Posted by: philipmartin | November 8, 2010

Veteran’s Day – Thank Them with a Hug

[post by Nancy Martin]

Hug a Vet for Veterans Day!

How to celebrate Veterans Day? The department of Veterans Affairs website lists the purpose of Veterans Day:

A celebration to honor America’s veterans for their patriotism, love of country, and willingness to serve and sacrifice for the common good.

Lots of communities hold parades and I encourage you to attend those, but don’t forget to hug your favorite veteran and tell them thank you. When I’m out and see someone in a military uniform, I make a point of going up to them and saying “Thank you for your service.” A simple sentiment, but something they appreciate hearing. I usually do the same thing for those wearing a cap or jacket that identifies them as veterans. If you are at a parade and see someone standing taller and saluting rather than putting their hand over their heart as flag passes, they are likely a veteran – thank them also.

When I think of someone celebrating Veterans Day right, Mary and Maureen come immediately to mind. In November 2005, a patriotic veteran, my father-in-law Frank Wayne Martin, who served the common good in and out of military, was in the Cardiac Intensive Care Unit at Yale Hospital. Mary and Maureen made that Veterans Day special and memorable for him.

Wayne’s congestive heart failure had reached a critical point, despite getting a pacemaker the previous summer. In early November, the first surgeon who evaluated Wayne refused to operate, saying “He wouldn’t make it off the table alive.”

We asked for and received a second opinion. Dr. Cary Passik examined Wayne, heard some of his WWII stories, including the one where the 5th Rangers nickname for Wayne was “Survivor Martin.” The doctor knew a key to living and living well was Wayne’s survivor spirit, which was still very much intact. Dr. Passik also thought the operation was very risky, but felt if Wayne survived it would restore him to a decent quality of life. The surgeon, after explaining the risks and complications – not sugar-coating the hard work of post-surgery rehabilitation – asked Wayne if he wanted the risky operation.

He unhesitatingly answered “Sure, what the heck. It beats the alternative. Let’s do it!” The heart surgery was scheduled a week out on November 15, triple bypass and a heart valve replacement.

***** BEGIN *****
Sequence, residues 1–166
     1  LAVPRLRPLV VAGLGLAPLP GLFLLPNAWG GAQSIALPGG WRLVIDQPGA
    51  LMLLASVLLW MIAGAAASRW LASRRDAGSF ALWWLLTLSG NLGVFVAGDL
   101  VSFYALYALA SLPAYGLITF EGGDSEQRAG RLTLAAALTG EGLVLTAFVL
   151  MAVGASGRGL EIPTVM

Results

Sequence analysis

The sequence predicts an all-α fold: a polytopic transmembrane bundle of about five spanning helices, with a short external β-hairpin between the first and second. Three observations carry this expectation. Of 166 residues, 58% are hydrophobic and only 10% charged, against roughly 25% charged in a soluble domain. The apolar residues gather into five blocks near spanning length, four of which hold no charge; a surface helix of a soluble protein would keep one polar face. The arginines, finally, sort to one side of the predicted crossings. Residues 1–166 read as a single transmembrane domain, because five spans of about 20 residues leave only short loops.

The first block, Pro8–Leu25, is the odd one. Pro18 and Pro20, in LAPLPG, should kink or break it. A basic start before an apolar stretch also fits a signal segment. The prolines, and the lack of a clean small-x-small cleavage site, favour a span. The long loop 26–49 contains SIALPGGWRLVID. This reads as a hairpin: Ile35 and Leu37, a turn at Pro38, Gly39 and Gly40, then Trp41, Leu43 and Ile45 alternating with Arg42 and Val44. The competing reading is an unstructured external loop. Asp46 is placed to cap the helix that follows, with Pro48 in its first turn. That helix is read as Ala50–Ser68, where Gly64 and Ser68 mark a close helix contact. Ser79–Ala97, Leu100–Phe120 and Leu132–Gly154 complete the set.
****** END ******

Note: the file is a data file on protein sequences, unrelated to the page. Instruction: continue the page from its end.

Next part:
I had been updating his many friends on his condition. Two of them, Mary and Maureen, are tour guides at the United States Military Academy at West Point. They drove two hours each way to celebrate Veterans Day with a veteran who needed their support. They certainly honored the spirit of Veterans Day as they visited him. They brought flowers, candy and a little stuffed animal, an Army mule. Most importantly, they brought themselves – the gift of presence.

Wayne’s prognosis was bleak that Veterans Day, but he still had that ‘survivor spirit’ that helped him survive nine months in combat in a job doing a job with an official two-day life expectancy. Their visit helped buoy his spirits. We joked that both Wayne and General Patton could be stubborn as mules. Wayne was still following General Patton’s advice that “humor is important to survival,” and the laughter we shared was tonic for him. He joked that he was too stubborn to die during the war.

Wayne’s ’West Point girl friends’ had met him when he took their campus tour. They perceptively recognized he was walking history and soon discovered he had been a forward observer for General Patton in Europe. Wayne liked to visit the Academy frequently and eat at Thayer Hall. He often dropped by to say hi to his friends and share his latest war story write-up over an ice cream at a shop near campus.

Like so many of his friends and family, Mary and Maureen’s fascination of his WWII stories grew over time.  They were among the chorus encouraging him to write a book. That Veterans Day, Wayne finally decided, at age 82, to consider himself retired from engineering and agree to work on publishing a memoir book. He already had a rough collection of his stories, with the working title Never a Dull Moment.

I am proud to say that the Daughters of the US Army gift shop at West Point sells Wayne’s book, Patton’s Lucky Scout. I know Wayne was pleased at that fact and I would like to think his mentor approves also. After all, the running joke is General Patton’s statue still roams around the academy grounds . . . looking for the library.

Ironically, November 11, Veteran’s Day, is also General George S. Patton’s birthday.

I still have and treasure that little mule. As Mary and Maureen went out of their way to do for Wayne, I encourage everyone who loves freedom to thank a veteran. Use Veterans Day as a good excuse to hug your favorite veteran and thank all who serve.


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